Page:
Bonde i Brasil
Photo: Marte Lid/Norad

Increased agricultural productivity with lower net carbon emissions

Technical solutions identified for enhanced productivity without clearing more forest in Brazil.


Fundación Solidaridad Latinoamericana (FSLA)

The purpose of the project was to scale up sustainable land-use solutions to reconcile agricultural expansion and environmental conservation.

Why did Norway decide to support this project?

Land in Brazil is a scarce resource. Agricultural expansion adds pressure on tropical forests and savannah land. FSLA with its partners seek technical solutions which combine economic and environmental sustainability. With FSLA’s experience and promising progress through previous projects, Norad decided to support their work.

The planned outcomes of the projects were

Outcome 1 - Integrated sustainable land-use planning developed in different scales and biomes

Outcome 2 - REDD+ and land-use policies incorporate knowledge and tool associated to Land Neutral Agricultural Expansion and Ecological Restoration (LNAE) and integrated land-use

Outcome 3 - Technical and economic cases for climate smart agriculture techniques developed and disseminated

Outcome 4 - A scalable demonstration of clean beef supply chain is implemented in Alta Floresta – Mato Grosso, serving as reference for producers and the industry

Outcome 5 - Large scale implementation of sustainable solutions via LNAE


While the report concludes that all outcomes have been fully achieved, Norad assesses that outcomes have been partially achieved. Most outputs seem to be fully and successfully achieved as per set targets. Some adjustments have been made during implementation, and the reasons behind re-prioritizations seem well justified.

Research findings, reports and policy recommendations have been disseminated widely to relevant stakeholder groups. Some examples are also given on actual use of the project’s products by the target groups.

However, incorporation of recommendations into actual policies, and their implementation, seems for other components still at intention stage. While solid ground work has been made in the project, it may be too early to fully assess effects on the target groups.

Outcome 1: FSLA with partners has performed technical analysis of sustainable land use and intensified agricultural practices. They have produced three territorial plans for landscapes in two different states (Mato Grosso and São Paulo). These plans have been presented to a variety of stakeholders, including local and state governments, civil society and private sector. According to FSLA’s report, the territorial plans have been well received by the target group and have been used to inform other projects. For example, the Environmental Secretary of São Paolo State has used FSLA’s territorial plan for a watershed to develop a larger-scale state-wide project supported by the World Bank. To what extent the recommendations have led to actual changed land use or agricultural practices in the targeted regions, seems too early to assess.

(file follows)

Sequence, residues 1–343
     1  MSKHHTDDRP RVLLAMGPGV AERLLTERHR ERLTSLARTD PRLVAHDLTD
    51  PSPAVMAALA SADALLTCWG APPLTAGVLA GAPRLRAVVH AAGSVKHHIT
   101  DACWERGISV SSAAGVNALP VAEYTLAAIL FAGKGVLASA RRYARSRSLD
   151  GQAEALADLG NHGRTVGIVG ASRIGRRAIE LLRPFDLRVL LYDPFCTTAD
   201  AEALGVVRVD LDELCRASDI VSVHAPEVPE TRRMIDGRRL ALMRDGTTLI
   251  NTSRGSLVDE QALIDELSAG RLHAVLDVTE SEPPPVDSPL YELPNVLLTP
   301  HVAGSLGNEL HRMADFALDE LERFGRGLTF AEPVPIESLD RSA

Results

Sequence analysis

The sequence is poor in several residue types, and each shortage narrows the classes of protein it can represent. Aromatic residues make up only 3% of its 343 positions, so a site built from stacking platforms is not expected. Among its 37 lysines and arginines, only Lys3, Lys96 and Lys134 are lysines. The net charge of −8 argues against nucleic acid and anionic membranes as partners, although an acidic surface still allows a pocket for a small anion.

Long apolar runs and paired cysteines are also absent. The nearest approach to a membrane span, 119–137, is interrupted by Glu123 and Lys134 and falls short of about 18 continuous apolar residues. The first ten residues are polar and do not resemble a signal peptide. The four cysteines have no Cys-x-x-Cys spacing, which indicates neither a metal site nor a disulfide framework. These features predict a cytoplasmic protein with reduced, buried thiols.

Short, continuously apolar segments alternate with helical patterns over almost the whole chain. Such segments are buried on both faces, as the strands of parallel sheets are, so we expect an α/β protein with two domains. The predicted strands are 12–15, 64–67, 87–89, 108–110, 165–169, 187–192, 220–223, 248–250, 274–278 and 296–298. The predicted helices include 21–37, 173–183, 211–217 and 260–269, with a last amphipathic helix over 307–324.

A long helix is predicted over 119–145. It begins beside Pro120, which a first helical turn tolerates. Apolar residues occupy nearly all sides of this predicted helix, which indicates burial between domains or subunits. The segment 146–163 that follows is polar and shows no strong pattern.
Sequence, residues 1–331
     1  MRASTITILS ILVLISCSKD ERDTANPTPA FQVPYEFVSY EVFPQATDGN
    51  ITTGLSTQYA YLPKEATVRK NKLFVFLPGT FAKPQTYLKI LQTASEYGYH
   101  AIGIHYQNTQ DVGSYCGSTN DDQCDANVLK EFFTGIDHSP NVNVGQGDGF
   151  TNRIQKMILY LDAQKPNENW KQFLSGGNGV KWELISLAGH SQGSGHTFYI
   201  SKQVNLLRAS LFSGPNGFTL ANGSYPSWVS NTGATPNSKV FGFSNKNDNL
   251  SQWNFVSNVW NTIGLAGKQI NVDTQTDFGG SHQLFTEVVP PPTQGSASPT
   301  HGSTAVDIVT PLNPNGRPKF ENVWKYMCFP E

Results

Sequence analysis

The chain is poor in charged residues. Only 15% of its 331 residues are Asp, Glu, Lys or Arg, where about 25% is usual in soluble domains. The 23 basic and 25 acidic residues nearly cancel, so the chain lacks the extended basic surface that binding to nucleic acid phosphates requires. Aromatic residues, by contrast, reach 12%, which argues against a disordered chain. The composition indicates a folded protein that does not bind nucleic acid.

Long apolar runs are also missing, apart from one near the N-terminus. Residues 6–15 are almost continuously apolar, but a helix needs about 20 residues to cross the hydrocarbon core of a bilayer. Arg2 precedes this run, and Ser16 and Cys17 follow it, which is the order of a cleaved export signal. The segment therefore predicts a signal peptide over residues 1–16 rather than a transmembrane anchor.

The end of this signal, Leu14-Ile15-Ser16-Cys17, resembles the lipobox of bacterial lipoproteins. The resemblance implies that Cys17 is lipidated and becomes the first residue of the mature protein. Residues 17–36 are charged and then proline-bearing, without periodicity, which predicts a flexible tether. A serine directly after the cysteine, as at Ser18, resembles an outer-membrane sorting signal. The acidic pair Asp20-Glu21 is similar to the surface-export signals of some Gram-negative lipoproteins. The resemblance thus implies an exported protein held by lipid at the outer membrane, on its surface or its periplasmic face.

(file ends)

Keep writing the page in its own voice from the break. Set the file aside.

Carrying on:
Outcome 2: FSLA highlights two scientific articles which the project has produced. One was published in the scientific journal Science in 2016, and the other was used by the Ministry of Environment in setting Brazil’s Nationally Determined Contributions presented to the United Nations Framework Convention on Climate Change. This seems like a major achievement. Other use of produced technical tools and policy proposals seem still at intention stage.

Outcome 3: All planned outputs, which were reports and presentations of business cases for sustainable agricultural techniques, seem fully achieved. Adoption of recommendations related to improved cattle ranching, seem too early to assess, because research results and their dissemination are still recent. One major achievement was that FSLA’s partner IIS brought its research findings related to commercial restoration of vegetation, into Brazil’s National Plan for Native Vegetation Recovery, which was later signed into law.

Outcome 4: This outcome seems to have been fully achieved. FSLA with its partner ICV has demonstrated intensified beef production with lower green house gas emissions, through partnerships with 38 ranchers covering 2,000 hectares of intensified grazing area, with plans to expand further. One challenge has been access to financing for farmers to scale up demonstration projects. ICV succeeded by building a partnership with Althelia Climate Fund, which lent money to the private company Pecsa, who is also a partner in the project. Another major achievement is an MOU, which was about to be signed, for sale and purchase of sustainably produced beef between Pecsa and Mc Donalds, and between Pecsa and the slaughter house JBS. These achievements are part of a larger programme, called “Programa Novo Campo”, to which other projects funded by other donors also contributed.

Outcome 5: This outcome seems partially achieved. Ultimately, the aim was that good agricultural practices was implemented in 20,000 – 100,000 hectares of land. FSLA reports that 38 farmers with a total of 45,000 hectares are now enrolled in the programme. However, from outcome 4, it is stated that 45,000 hectares is the total area of the grazing land owned by these farmers, while intensified grazing area is actually implemented on 2,000 hectares, with a plan to reach 10,000 hectares by the end of 2017. If financing may be secured, there seem to be promising prospects for expanding sustainable, intensified practices further in the future.


The result descriptions are based on the information provided by the organisations. Their presentations and conclusions do not necessarily reflect the views of Norad. Norad has not verified all results reported.

Published 22.10.2013
Last updated 09.05.2019